Read all about it

Staff Writer
They come in by donations or by planned purchase. And they leave offices and clinics in the hands of people who need to read their words.
All around Findlay there are books available in lending libraries operated by nonprofits and other agencies and available to the community, free of charge.
Bridge Hospice’s bereavement services program has a library of books related to death and grief. Some deal with specific topics such as the loss of someone to AIDS, cancer or suicide.
Kim Simonds, Bridge’s director of business development, said books, particularly picture books for young children, can help children cope with death.
“A lot of times with teens they don’t discuss their feelings,” Simonds said.
Jill Gilgenbach, bereavement coordinator, said children “have the emotions and they have the feelings” but don’t know how to express them.
Books aimed at children are also popular at Blanchard Valley Hospital’s breast care center, WomanWise, which has a lending library of books for newly diagnosed breast cancer patients. Jill Jaynes, director of imaging services, said more people are turning toward electronic communication but there are those who prefer reading books.
WomanWise’s library includes pamphlets from the American Cancer Society as well as books on different aspects of surviving breast cancer. Talking to children is a big issue, Jaynes said.
“How do you tell them? … How do you prepare yourself for their questions?” she said.
Nutrition is another issue and there are a lot of books related to diet and breast cancer, she said. There is a particular emphasis on moving forward from the breast cancer diagnosis to becoming a survivor, “the journey and then the survivorship.”
Books at WomanWise are checked out on the honor system. Borrowers are encouraged to return them within a couple of weeks, but this is not strictly enforced.
At Bridge, Simonds said the lending library has been there for “quite a few years” but the agency has recently been promoting it more. Book recommendations are now made on Bridge’s quarterly newsletter. The current recommendation is “Cloud City,” a children’s book.
Usually books in Bridge’s library are lent to a client, but they are available to anyone in the community. Hospice’s bereavement services are available to anyone who has suffered a loss, regardless of whether the deceased person received hospice care.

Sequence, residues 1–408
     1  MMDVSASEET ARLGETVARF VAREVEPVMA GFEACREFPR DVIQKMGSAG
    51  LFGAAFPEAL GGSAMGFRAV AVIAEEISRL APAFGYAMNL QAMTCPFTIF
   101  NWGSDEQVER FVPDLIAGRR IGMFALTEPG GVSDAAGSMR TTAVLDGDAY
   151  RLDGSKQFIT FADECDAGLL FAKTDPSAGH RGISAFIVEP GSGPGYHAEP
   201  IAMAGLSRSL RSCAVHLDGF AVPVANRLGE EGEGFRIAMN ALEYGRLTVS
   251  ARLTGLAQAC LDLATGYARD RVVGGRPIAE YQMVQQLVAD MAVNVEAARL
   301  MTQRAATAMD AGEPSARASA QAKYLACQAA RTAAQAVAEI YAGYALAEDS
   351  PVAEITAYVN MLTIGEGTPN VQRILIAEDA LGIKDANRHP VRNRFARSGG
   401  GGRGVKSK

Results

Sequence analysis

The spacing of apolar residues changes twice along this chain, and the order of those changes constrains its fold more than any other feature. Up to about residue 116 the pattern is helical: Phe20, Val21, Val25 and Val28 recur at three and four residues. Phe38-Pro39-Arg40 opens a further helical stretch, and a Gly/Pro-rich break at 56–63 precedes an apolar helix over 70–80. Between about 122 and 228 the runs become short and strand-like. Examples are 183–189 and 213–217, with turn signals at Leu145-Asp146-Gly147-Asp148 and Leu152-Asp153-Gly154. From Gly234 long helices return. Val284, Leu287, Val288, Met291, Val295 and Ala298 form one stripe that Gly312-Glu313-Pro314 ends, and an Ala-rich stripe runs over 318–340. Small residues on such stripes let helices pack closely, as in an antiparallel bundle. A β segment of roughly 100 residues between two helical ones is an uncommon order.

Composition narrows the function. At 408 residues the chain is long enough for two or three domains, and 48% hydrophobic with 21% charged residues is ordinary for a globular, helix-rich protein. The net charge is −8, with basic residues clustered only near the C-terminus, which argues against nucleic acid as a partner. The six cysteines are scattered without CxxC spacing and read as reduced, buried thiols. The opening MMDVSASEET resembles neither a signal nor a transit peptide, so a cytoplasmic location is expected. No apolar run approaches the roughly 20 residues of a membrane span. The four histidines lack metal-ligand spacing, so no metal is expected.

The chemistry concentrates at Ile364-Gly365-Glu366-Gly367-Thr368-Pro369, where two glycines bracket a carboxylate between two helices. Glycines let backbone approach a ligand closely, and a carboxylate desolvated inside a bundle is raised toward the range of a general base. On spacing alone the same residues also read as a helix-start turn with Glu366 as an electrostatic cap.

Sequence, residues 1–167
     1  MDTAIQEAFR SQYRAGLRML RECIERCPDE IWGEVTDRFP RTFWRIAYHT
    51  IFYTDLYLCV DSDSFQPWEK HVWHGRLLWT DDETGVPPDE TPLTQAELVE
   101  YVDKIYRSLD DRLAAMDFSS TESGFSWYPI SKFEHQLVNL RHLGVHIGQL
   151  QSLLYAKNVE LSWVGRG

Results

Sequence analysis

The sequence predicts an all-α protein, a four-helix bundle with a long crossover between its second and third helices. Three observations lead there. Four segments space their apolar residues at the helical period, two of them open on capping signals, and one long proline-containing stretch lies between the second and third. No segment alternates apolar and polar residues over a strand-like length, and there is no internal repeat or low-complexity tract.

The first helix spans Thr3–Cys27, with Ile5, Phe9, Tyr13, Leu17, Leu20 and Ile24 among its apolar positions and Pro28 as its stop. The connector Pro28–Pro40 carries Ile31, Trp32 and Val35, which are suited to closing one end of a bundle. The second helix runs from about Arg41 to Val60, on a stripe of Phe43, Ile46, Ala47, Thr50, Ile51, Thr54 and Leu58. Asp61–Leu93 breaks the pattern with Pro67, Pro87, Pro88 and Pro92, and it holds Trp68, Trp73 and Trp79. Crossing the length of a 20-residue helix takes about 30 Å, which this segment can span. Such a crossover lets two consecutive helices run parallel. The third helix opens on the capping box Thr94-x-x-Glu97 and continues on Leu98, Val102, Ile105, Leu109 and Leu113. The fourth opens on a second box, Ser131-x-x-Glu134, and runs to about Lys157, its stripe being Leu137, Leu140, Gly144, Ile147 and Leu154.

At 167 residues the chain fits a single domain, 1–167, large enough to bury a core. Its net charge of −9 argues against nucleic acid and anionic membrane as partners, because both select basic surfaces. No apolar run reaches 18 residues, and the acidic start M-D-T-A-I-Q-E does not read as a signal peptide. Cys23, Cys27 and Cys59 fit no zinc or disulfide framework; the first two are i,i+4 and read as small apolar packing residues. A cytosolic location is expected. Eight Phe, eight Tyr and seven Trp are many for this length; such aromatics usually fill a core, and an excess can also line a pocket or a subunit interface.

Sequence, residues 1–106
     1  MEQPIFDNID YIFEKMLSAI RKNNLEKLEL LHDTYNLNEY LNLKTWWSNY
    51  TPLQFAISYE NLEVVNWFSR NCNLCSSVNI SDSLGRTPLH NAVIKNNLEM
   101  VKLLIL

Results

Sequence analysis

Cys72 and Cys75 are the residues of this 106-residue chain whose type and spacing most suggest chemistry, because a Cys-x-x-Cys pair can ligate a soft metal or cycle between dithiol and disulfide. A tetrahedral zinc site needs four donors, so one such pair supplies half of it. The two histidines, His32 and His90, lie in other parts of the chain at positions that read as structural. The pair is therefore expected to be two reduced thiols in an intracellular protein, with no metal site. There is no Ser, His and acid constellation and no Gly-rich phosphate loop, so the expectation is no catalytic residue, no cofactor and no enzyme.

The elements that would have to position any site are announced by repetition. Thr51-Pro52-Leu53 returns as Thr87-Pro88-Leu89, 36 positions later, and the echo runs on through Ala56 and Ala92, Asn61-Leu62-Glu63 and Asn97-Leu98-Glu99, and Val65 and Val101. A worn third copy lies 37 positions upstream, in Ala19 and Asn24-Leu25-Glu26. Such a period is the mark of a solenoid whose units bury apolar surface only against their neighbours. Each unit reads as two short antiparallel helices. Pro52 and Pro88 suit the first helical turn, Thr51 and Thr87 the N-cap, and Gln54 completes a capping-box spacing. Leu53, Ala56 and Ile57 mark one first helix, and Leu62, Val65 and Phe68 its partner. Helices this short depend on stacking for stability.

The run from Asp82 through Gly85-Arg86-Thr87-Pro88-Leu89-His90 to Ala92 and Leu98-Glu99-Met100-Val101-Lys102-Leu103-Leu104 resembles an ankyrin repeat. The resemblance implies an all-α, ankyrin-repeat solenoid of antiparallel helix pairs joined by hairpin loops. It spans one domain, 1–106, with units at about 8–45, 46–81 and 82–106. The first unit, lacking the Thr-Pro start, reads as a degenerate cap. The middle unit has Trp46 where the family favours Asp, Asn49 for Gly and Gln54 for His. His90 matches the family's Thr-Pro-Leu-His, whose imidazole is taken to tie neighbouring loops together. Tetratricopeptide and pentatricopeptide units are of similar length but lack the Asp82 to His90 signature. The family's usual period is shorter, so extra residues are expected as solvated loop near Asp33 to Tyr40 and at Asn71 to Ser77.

“Call us,” she said, adding that hospice also has chaplains and social workers to help the bereaved.
“Everyone grieves differently,” Gilgenbach said. “There’s no right or wrong way to grieve.”
Gilgenbach said most of Bridge’s books were purchased by the agency but some have been donated by families. The person checking out a book is asked to sign it out with their name or telephone number so Bridge can keep track but there is no real time limit on how long they can borrow a book.
WomanWise’s books come from both donations and purchases. Jaynes said some were suggested by the American Cancer Society or the Susan G. Komen Foundation. WomanWise’s staff look at the books to make sure the information is up-to-date and medically accurate.
Jaynes said some people who borrow books are “definitely telling others.” Most often someone hears of the library because they are newly diagnosed with breast cancer. However, it is available to anyone in the community. The library is open from 8 a.m. to 4:30 p.m. Monday through Friday.
Blanchard Valley Health System has some online resources at
Cancer Patient Services also has a lending library. Carol Metzger said there aren’t strict rules and if someone wants to borrow a book, keep it, or pass it on to someone else, they can do so. The books come from different places and many are donated.
Metzger, too, said children’s books are particularly sought after. The agency received a donation of children’s books from the University of Findlay’s Mazza Museum.
Other books aimed at adults run the gamut from diet and nutrition topics to memoirs or fiction about life with cancer.
Metzger, when she first became executive director, went through the books and discarded ones from decades earlier that were medically out of date.
The Family Center also has children’s books available. Bud Haas, security officer, said people donate all kinds of books such as those their children have outgrown. Family Center staff checks to make sure they are appropriate.
These books are not for lending, however, but meant to be taken home and kept.
Arthurs: 419-427-8494 Send an E-mail to Sara Arthurs


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